Oscar winner writer and producer Dustin Lance Black seems to be the happiest man, out and proud, with a successful career and a great fiance. However, things were not always so bright for Lance. Growing up in a Mormon family, in a culture that told him he would go to hell for loving men, it was hard for Lance.
Lance spoke for Loud and Proud series and revealed details about his childhood, how he discovered his sexuality and faced a world that was discriminating him.
“I was about 15 years old when I moved to the Bay area. At that point, for eight or nine years, all I’d had were negative messages from the church about going to hell. From the military environment, it’d been made clear that I was definitely somebody to be excluded and, being from the South, that I would bring shame to my family if any body found out,” Lance said.
He also talked about how these factors influenced his life at the time to the point of thinking to suicide.
“So I thought if I fell in love, I would go to hell, bring shame to my family, be bashed or be killed. That removes the possibility of love from someone’s entire life and replaces it with shame. As a young kid, you start to contemplate solutions for making this living thing shorter, I certainly did, and I know I’m not alone.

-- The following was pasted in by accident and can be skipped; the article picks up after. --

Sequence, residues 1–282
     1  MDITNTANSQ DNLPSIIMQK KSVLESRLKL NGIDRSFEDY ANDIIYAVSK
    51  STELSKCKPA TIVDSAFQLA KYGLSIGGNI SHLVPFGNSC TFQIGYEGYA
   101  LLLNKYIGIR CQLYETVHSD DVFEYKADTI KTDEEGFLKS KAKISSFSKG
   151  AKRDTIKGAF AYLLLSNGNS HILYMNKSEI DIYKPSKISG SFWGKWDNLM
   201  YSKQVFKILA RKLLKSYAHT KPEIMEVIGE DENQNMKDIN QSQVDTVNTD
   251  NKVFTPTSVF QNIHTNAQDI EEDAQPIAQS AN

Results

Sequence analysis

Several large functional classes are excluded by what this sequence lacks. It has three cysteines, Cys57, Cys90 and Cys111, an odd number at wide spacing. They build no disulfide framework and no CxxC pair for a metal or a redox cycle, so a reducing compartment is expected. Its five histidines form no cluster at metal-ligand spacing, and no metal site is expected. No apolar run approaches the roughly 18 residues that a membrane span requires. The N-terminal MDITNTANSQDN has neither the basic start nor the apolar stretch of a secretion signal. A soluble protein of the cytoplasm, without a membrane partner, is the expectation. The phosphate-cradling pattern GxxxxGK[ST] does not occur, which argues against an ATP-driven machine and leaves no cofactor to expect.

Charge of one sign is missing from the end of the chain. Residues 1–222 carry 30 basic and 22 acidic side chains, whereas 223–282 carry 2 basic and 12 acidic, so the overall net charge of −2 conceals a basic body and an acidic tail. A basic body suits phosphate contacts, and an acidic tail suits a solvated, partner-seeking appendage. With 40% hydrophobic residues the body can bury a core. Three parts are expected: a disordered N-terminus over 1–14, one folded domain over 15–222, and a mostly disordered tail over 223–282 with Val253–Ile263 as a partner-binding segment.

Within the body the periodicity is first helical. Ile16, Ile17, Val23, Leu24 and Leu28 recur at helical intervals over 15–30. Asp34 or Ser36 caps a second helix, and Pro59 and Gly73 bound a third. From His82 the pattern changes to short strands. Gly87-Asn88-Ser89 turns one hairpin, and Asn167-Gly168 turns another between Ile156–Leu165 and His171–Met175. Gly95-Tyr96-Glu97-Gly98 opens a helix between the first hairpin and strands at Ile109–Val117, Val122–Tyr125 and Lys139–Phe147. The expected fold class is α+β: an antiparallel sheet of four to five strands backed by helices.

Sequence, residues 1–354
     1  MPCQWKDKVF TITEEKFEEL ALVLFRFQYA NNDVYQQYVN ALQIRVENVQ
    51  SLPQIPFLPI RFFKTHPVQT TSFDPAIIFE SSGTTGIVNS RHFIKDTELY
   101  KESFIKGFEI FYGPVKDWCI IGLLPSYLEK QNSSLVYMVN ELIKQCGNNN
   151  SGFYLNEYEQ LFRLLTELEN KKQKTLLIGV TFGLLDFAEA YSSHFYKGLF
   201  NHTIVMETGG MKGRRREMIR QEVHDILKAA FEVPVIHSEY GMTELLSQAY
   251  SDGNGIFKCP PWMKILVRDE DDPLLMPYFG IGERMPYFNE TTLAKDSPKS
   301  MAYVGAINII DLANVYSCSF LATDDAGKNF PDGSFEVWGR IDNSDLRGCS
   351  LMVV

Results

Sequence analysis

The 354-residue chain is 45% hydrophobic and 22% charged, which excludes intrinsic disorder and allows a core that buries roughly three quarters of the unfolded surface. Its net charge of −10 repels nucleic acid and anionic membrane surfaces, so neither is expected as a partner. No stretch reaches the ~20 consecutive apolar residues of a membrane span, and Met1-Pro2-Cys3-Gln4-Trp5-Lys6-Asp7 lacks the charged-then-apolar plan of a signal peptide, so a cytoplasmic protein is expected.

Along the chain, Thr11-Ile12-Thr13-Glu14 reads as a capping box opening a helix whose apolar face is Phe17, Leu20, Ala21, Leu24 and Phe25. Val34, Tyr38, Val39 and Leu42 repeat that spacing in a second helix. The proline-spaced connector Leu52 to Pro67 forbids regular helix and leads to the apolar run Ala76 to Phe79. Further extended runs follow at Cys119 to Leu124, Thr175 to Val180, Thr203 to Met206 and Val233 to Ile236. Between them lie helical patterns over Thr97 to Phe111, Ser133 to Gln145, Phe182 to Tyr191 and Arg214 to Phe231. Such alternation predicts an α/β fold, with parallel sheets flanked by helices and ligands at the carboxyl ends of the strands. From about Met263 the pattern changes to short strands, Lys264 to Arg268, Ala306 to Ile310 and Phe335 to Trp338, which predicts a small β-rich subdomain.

For Lance, salvation came when he moved to Bay Area and entered the world of theater in San Francisco. Then he learned about gay activist Harvey Milk and things started to become clear to him.
“I’d heard about this guy creating a world where it was possibly to be gay. All of a sudden, I realised I’d never heard one thing like that in my entire upbringing,” he recalls.
The story of Harvey Milk inspired and helped him, so he wanted to pass it forward.
“I was very lucky to hear the story of Harvey Milk, it was life-saving for me. I wanted to share it in case it helped others, but the story of one gay man isn’t going to do it.”
Dustin Lance Black thinks that Hollywood should be more aware about the way films can inspire and help the LGBT community. LGBT people need role models, stories to help them see their true colors.
“Until recently, Hollywood wasn’t there to support a production of easily accessible hero journeys for LGBT people. I think it’s incredibly important for young people who, as they come of age and might start hearing negative messages about who they are, that they also have a history of their forefathers and foremothers that they can draw inspiration from.”